Section Name Topic Name 15 Waves 15.1 Introduction 15.2 Transverse and longitudinal waves 15.3 Displacement relation in a progressive wave 15.4 The speed of a travelling wave 15.5 The principle of superposition of waves 15.6 Reflection of waves 15.7 Beats 15.8 Doppler effect
0/8
Class 11th Physics Online Class For 100% Result

QUESTIONS FROM TEXTBOOK

Question 7. 1. Give the location of the centre of mass of a (i) sphere, (ii) cylinder, (iii) ring, and (iv) cube, each of uniform mass density. Does the centre of mass of a body necessarily lie inside the body?
Answer: In all the four cases, as the mass density is uniform, centre of mass is located at their respective geometrical centres.
No, it is not necessary that the centre of mass of a body should lie on the body. For example, in case of a circular ring, centre of mass is at the centre of the ring, where there is no mass.

Question 7. 3. A child sits stationary at one end of a long trolley moving uniformly with a speed V on a smooth horizontal floor. If the child gets up and runs about on the trolley in any manner, what is the speed of the CM of the (trolley + child) system?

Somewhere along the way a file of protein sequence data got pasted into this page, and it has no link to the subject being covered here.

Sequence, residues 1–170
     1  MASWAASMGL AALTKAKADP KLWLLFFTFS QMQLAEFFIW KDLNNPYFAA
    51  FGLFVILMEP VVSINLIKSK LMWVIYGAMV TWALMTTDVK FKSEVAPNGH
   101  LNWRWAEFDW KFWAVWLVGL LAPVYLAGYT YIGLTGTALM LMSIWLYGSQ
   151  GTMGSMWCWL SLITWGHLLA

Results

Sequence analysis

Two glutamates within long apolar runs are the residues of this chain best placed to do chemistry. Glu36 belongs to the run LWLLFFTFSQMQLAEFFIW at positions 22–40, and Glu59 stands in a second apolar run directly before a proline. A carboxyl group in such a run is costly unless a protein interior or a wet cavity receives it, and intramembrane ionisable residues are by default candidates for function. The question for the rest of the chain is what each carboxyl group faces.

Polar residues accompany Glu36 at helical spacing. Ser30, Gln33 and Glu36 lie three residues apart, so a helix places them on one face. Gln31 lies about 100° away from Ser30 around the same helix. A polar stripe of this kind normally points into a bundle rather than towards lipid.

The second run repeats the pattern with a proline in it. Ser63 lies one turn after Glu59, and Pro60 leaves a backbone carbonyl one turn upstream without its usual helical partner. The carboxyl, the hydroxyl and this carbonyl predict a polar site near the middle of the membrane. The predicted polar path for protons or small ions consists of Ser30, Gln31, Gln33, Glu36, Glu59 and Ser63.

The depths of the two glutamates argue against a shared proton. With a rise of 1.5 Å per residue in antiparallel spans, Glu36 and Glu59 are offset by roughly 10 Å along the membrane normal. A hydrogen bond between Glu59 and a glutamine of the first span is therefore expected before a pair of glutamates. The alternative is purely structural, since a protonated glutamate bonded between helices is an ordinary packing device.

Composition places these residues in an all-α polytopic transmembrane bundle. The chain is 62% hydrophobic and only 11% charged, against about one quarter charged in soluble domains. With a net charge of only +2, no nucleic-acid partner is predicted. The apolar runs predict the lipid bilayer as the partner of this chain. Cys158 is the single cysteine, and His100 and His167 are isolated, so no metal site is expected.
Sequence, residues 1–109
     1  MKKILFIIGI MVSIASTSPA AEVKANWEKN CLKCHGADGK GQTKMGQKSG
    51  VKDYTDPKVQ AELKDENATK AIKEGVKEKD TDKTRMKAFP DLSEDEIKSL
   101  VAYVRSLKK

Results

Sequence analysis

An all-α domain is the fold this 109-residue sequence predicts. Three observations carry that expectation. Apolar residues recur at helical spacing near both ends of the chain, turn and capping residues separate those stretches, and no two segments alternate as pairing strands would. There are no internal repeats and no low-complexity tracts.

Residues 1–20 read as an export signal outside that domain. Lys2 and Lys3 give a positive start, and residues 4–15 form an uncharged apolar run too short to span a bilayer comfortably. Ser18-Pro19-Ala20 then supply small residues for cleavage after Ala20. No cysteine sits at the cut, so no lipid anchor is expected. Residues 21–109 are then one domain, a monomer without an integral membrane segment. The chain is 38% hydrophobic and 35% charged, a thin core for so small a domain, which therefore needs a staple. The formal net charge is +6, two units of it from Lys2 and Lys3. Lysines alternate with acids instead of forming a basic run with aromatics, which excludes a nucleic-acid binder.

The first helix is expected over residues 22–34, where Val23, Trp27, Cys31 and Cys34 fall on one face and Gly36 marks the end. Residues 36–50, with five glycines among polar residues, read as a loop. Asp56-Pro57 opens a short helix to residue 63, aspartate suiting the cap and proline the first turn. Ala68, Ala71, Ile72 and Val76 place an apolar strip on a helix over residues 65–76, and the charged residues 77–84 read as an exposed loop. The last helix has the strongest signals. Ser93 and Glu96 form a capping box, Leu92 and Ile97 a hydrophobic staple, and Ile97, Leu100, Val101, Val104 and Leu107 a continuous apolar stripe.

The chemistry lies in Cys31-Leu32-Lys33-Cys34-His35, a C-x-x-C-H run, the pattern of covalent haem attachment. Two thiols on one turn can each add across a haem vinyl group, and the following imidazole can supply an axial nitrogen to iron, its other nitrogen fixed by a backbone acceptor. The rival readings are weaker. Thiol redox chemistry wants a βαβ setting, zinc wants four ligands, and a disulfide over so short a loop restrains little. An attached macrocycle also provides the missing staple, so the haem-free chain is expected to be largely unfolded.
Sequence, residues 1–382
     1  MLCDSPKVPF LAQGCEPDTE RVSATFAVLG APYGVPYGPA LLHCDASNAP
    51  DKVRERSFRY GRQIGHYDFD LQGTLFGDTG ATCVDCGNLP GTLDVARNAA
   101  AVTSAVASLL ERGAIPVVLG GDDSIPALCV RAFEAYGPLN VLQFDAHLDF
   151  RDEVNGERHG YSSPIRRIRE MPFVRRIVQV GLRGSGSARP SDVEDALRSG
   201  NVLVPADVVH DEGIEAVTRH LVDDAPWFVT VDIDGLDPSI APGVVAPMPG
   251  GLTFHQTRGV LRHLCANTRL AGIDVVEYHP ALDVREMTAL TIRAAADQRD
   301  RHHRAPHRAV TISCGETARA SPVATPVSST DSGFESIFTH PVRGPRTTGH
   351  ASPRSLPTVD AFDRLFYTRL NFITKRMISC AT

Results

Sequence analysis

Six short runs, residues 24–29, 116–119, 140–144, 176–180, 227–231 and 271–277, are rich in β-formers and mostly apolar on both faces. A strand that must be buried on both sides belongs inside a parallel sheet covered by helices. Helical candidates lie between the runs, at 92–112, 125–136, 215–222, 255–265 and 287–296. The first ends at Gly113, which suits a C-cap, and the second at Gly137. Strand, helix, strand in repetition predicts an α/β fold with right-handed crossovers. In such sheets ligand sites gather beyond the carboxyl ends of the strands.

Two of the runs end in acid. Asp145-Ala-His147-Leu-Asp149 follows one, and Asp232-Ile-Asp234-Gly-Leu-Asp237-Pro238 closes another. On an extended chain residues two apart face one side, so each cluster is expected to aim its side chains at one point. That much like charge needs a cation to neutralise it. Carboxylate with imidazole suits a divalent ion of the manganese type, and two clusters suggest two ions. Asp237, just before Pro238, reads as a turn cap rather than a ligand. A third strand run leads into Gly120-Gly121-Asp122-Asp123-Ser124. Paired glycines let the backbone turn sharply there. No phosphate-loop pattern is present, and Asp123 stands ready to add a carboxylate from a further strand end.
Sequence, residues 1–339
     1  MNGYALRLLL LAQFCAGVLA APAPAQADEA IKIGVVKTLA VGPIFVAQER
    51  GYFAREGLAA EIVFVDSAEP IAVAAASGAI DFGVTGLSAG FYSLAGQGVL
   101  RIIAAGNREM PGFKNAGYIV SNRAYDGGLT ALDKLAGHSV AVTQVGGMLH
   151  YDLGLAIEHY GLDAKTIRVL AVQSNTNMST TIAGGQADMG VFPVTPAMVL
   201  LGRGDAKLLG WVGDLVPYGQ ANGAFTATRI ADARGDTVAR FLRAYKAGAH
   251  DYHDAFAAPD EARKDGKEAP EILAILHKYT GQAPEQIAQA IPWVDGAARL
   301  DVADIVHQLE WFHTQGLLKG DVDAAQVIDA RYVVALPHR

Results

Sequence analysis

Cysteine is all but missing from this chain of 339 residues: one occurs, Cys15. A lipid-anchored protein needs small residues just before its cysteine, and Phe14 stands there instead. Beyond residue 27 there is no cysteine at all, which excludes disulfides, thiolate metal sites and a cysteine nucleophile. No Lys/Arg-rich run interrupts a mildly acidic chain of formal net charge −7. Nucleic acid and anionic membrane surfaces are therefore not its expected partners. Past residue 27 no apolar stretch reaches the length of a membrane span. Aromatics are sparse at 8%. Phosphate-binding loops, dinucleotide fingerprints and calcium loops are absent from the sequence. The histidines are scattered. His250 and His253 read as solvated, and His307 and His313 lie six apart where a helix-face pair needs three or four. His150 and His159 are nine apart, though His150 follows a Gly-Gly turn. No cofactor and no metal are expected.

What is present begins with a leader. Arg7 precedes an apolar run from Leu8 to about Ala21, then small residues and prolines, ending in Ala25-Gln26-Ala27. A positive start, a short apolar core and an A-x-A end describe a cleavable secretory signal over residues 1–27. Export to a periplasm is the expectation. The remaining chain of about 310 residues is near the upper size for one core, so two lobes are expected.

Answer: When the child gets up and runs about on the trolley, the speed of the centre of mass of the trolley and child remains unchanged irrespective of the manner of motion of child. It is because here child and trolley constitute one single system and forces involved are purely internal forces. As there is no external force, there is no change in momentum of the system and velocity remains unchanged.

Question 7. 10. (a) Find the moment of inertia of a sphere about a tangent to the sphere, given the moment of inertia of the sphere about any of its diameters to be 2 MR2/5, where M is the mass of the sphere and R is the radius of the sphere.
(b) Given the moment of inertia of a disc of mass M and radius R about any of its diameters to 1 be 1/4 MR2, find the moment of inertia about an axis normal to the disc passing through a point on its edge.Applying theorem of parallel axes,Moment of inertia of sphere about a tangent to the sphere = 2/5 MR2 +M(R)2 =7/5 MR2
(b) We are given, moment of inertia of the disc about any of its diameters = 1/4 MR2
(i) Using theorem of perpendicular axes, moment of inertia of the disc about an axis passing through its centre and normal to the disc = 2 x 1/4 MR2 = 1/2 MR2.
(ii) Using theorem axes, moment of inertia of the disc passing through a point on its edge and normal to the dies = 1/2 MR2+ MR2 = 3/2 MR2.

Question 7. 11. Torques of equal magnitude are applied to a hollow cylinder and a solid sphere, both having the same mass and radius. The cylinder is free to rotate about its standard axis of symmetry, and the sphere is free to rotate about an axis passing through its centre. Which of the two will acquire a greater angular speed after a given time?